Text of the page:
Archive for the ‘Money’ Tag

The Yoga of Money

The blogosphere is buzzing this morning about the New York Times article on John Friend, founder of Anusara yoga. At least, the yoga-related blogosphere is. So, I feel compelled to put in my two cents. Although this is not a yoga blog. per-se, most of my readers know that I am a committed student of Anusara yoga, and a devotee of John Friend’s teachings. And the most controversial part of the article is related to money, so I think it’s appropriate.

I must admit, on first reading the article, I was hesitant to send it to all my friends and family, and say, “This is my gig!” First because the article makes Anusara seem a bit evangelical. And I can’t say that it’s not. I have, on more than one occasion, explained my feelings about Anusara as, “probably similar to how a born-again Christian feels upon finding Jesus.”  But, Yoga is not a religion, Anusara is not a cult, and John Friend is not a guru. While most yoga practitioners are spiritual seekers, to one degree or another, the bond that holds the Anusara kula (Sanskrit for community) together is a desire for life to be healthy and joyful. Call it what you will, but that is a philosophy I can happily follow!

Another contentious subject in the article is the modernization and corporatization of yoga. The fact that John Friend is making money doing what he loves and helping others seems to be a negative to some. Huh? Wouldn’t we all like to be making money doing something we love? The “poverty is noble” idea is not exclusive to yogis, but it is pervasive and if I may be frank, it is just plain dumb. It is what keeps so many from true prosperity. How many people do we know that talk negatively about money, and then wonder why they don’t have any? Money gives us security, comfort, and the ability to enjoy life and pursue our dreams. Think about it this way….if John Friend had little or no money, he would not be able to travel the world and teach. Nobody would practice Anusara yoga, because no one would have heard of it.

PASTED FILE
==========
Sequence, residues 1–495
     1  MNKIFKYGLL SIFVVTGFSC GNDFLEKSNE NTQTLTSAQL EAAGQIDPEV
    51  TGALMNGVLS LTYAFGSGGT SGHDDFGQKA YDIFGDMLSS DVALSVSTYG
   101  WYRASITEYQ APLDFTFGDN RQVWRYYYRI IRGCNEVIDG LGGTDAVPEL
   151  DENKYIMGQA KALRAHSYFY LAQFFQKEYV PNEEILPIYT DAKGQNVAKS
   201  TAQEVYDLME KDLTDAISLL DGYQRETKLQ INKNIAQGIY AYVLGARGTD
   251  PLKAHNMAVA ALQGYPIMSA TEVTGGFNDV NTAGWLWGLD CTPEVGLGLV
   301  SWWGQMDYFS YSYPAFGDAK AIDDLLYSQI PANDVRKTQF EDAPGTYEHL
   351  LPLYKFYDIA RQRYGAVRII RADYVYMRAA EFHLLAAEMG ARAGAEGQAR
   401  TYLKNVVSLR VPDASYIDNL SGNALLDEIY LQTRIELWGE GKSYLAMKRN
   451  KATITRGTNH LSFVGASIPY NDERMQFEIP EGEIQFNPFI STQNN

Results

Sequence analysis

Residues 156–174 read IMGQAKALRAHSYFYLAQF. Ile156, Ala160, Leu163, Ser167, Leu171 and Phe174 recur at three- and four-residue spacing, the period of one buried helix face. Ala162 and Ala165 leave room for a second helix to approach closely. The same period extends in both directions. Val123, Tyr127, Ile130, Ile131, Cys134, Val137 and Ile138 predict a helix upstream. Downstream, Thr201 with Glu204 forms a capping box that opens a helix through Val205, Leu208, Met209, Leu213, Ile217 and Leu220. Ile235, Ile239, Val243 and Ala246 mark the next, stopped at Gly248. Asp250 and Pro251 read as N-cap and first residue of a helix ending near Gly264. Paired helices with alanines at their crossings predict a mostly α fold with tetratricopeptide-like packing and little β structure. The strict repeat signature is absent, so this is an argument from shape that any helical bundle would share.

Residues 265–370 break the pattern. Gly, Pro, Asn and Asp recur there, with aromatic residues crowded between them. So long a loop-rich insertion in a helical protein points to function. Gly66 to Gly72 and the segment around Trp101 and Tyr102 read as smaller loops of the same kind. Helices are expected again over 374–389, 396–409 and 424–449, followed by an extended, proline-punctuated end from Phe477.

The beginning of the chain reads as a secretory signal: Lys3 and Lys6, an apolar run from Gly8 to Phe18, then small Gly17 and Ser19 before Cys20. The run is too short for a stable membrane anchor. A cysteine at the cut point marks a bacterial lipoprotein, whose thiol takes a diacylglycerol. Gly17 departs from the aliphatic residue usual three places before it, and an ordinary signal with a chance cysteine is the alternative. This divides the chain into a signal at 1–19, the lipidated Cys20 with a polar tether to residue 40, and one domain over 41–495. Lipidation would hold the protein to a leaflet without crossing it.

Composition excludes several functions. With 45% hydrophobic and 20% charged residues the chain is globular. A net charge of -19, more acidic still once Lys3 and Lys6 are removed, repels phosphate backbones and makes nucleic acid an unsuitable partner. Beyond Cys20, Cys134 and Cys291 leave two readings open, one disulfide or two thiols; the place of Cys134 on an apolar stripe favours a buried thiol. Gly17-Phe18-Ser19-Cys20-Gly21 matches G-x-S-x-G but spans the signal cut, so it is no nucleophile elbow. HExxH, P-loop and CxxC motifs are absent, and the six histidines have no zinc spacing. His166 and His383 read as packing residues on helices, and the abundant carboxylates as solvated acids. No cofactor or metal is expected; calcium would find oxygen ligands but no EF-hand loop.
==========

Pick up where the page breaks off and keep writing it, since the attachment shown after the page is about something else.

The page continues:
Being a spiritual seeker and a financial success are not mutually exclusive. Money gives us the means to make our dreams reality.  John Friend is making money, enjoying life and doing good. Let us all aspire to that.

If you haven’t already, please click on the link to read the full New York Times article.


Life is Good!

I’m afraid that my blog is having an un-anticipated consequence…People are feeling sorry for me. In the past week, my mother has sent me money, my brother-in-law has offered me a job, and two friends have told me how horrible they felt when reading my post on taxes.

Please, don’t feel sorry for me. My life is great! I live in one of the most beautiful places in the world, I have a loving husband and daughter; and we are all healthy.

I love my job. I sell wine for a small distributor, made up of great people and wonderful wines.  I am making less than half of what I made at my old job, but I’m happy and that is worth a lot! I am also confident that I will soon be making much more.  I love my second job, which is teaching yoga. Two jobs that I love – how lucky am I?

I am blessed with an amazing community of friends and a fantastic extended family.

I love to cook and write, and I get to do a lot of both.

I have a cool dog.

So, you see, I am wealthy. I may not currently have much money, but I am rich in so many ways. It is hard to remember to count your blessings when there’s not enough money. Remember, gratitude and abundance go hand in hand. Practice one, and be ready to receive the other!

Let’s Make a Deal

I have shared the fact that I am behind on my payments to my Home Depot card. As anyone who has ever been behind on a credit card payment knows, they call every day. And every day, I answer the phone, tell the representative that I am having financial difficulties and ask to work something out. For weeks, my efforts have been in vain. One representative offered me a special payment plan, that would bring my monthly bill to $139 a month. He couldn’t understand why I didn’t think that was a good deal, considering that my monthly payment is generally under $100 a month! He said that it was the best offer he could give me since I was a month behind. So, I asked what kind of payment plan he could give me if I brought my account current. His response… “Well, if you’re current, you won’t be eligible for a payment plan.” AARRGH!

This went on for a few weeks. Every day I’d have a conversation with a different collections rep, and every day, I would have no luck. All that changed on Thursday. I spoke with a very nice man, who told me that if I paid $389, and brought my account current, that they would match my payment and give me a credit for $389. Seriously? Yes, he told me, these offers come around periodically, nobody knows when or how long they’ll last. So, I pondered for a few minutes; $389 is a lot for me to shell out in one lump sum. But that, along with a matching credit, will literally cut my Home Depot bill by a third. So, I went for it. He gave me a confirmation number, but I haven’t seen the credit in writing yet. It seems legitimate; I guess I’ll have to wait and see.